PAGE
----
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  1. In Evernote, go to Tools | Options | General, and see where your Evernote database is currently stored. Then, in Windows File Explorer, select that folder, and right click and choose Properties to see how much space it's taking up. In Truecrypt, create an encrypted drive larger than that (I'd suggest at least twice as big, to allow for growth). Mount the drive in Truecrypt, and then go back to Evernote's Tools | Options | General and tell Evernote you want to move your data to your encrypted drive. You'll also want to untick the option to start Evernote on startup, as you'll have to wait to start up Evernote until after you've mounted your Truecrypt drive. Julie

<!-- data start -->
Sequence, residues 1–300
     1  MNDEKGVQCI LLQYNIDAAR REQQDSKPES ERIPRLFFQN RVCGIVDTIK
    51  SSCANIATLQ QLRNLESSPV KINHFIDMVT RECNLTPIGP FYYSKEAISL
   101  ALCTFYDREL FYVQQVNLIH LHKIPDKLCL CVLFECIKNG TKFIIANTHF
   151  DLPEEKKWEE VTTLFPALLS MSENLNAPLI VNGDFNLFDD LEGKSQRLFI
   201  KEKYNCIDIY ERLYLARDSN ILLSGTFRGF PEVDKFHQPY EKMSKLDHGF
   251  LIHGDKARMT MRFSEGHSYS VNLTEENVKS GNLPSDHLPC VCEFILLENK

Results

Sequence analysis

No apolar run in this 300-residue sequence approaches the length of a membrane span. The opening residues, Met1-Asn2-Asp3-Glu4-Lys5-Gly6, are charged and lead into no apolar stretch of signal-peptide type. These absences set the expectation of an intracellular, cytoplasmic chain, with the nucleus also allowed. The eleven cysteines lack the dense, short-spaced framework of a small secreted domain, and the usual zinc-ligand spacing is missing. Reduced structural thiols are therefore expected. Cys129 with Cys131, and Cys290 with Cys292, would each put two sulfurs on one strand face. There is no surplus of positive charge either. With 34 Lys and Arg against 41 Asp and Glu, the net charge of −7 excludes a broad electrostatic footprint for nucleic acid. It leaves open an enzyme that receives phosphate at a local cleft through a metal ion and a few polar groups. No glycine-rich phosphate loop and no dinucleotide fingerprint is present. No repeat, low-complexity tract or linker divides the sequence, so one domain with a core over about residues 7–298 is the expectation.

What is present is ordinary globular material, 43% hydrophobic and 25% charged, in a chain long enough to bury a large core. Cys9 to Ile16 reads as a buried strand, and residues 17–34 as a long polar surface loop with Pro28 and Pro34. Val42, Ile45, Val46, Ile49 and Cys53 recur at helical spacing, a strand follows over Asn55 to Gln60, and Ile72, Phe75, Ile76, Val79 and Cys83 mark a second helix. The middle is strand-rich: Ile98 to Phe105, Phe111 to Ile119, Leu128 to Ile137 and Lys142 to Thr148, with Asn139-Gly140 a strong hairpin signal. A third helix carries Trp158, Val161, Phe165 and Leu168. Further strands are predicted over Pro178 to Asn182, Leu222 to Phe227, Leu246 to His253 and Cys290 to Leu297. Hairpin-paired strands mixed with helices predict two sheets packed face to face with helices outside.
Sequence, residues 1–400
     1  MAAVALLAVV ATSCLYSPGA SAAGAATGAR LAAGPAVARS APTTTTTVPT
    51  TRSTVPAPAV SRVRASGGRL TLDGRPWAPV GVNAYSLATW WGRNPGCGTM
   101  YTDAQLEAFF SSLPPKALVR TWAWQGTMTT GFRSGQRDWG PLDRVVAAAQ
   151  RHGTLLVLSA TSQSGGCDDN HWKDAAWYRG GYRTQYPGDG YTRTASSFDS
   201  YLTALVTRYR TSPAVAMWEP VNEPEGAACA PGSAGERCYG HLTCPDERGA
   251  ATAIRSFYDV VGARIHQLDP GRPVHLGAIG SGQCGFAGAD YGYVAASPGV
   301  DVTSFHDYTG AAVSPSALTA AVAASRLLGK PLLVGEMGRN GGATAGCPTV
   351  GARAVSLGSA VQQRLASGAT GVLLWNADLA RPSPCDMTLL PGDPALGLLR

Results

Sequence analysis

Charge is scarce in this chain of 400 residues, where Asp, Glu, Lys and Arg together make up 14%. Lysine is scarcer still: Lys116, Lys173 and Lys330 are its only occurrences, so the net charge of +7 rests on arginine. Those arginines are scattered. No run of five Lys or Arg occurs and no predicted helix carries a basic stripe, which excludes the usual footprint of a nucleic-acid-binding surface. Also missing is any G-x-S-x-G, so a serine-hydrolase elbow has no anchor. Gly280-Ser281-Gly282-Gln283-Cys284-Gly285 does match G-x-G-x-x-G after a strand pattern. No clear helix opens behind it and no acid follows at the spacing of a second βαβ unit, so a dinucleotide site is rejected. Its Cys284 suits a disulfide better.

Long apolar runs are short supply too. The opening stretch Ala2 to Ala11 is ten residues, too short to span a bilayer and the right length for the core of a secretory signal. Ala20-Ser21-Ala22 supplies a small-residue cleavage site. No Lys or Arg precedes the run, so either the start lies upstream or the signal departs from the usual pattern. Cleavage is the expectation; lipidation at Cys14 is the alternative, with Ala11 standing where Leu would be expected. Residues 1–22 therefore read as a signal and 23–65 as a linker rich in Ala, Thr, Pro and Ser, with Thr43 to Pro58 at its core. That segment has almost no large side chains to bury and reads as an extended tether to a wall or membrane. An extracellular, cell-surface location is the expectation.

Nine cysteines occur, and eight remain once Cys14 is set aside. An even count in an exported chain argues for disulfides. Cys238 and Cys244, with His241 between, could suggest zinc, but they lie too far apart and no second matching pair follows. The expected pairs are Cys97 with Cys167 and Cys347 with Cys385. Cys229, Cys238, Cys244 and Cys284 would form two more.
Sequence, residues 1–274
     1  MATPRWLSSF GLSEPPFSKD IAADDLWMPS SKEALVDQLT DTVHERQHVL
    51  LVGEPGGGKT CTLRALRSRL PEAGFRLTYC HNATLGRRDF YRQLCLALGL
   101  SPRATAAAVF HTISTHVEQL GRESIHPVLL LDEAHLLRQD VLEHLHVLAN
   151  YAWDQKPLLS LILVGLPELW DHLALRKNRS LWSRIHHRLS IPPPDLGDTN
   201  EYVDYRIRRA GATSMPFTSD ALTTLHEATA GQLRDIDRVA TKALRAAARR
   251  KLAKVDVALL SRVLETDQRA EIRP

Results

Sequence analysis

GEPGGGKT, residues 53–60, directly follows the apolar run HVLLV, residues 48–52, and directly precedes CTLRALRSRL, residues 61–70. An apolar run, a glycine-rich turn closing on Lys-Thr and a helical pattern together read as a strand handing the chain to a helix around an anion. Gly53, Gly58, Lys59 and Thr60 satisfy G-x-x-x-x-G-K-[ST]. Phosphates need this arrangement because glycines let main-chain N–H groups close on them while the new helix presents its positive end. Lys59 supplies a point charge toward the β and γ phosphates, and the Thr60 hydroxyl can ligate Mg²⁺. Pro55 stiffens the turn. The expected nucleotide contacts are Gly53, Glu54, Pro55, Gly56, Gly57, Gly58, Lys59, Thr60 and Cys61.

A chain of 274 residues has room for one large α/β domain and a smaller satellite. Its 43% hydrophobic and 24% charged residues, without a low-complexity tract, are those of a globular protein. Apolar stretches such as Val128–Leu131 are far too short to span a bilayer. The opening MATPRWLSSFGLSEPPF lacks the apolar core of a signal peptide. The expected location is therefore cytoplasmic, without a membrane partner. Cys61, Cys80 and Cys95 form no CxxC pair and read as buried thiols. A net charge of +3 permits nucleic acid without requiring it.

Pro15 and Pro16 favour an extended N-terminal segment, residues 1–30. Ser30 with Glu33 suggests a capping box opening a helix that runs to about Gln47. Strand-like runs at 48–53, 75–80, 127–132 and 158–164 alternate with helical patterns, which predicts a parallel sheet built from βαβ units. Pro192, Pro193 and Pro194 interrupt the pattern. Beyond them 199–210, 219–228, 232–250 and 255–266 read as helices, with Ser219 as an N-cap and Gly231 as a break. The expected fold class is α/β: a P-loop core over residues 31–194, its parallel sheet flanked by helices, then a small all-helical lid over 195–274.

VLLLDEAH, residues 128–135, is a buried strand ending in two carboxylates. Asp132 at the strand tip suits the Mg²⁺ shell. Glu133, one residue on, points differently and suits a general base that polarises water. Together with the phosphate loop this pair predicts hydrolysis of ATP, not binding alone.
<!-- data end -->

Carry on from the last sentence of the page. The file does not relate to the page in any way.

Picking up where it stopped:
2. FWIW... I'm PC & for several years, had my EN database in a Truecrypted container with no issues. Please note that although this worked for me for several years, putting your EN database in a TC container is not supported. ("Not supported" doesn't always translate to "bad". It may just mean "not supported"). Due to another issue (scaling - I apparently have one of the larger EN databases), I've moved my DB out of an encrypted container solely to eliminate all other possible issues when dealing with support on my scaling issue.Just for the record, my local EN database has been living on my Truecrypt encrypted X: drive for many years, on two different Windows PCs. As the drive is therefore not available to my PC until I mount it (and provide the decryption key), Evernote is set (in the Evernote options) NOT to load on PC startup. On my home PC I start it manually. On my work PC I use a desktop switching app (I can't remember the name of it, and I'm not near that PC at the moment to check), and I have that set up to start up all the apps that either live on or have data on the encrypted drive - notably Firefox portable, which is installed on the X: drive, and Evernote, whose data is on the X: drive. To be honest, the issue of supportability never occurred to me, as EN does support you moving your DB to a location of your choice, and Truecrypt is essentially invisible to apps using data on encrypted drives. Of course, all of this only secures your local data. Anybody with your Evernote password (or your email password to request an Evernote password reset) can get access to your data via the EN web app.
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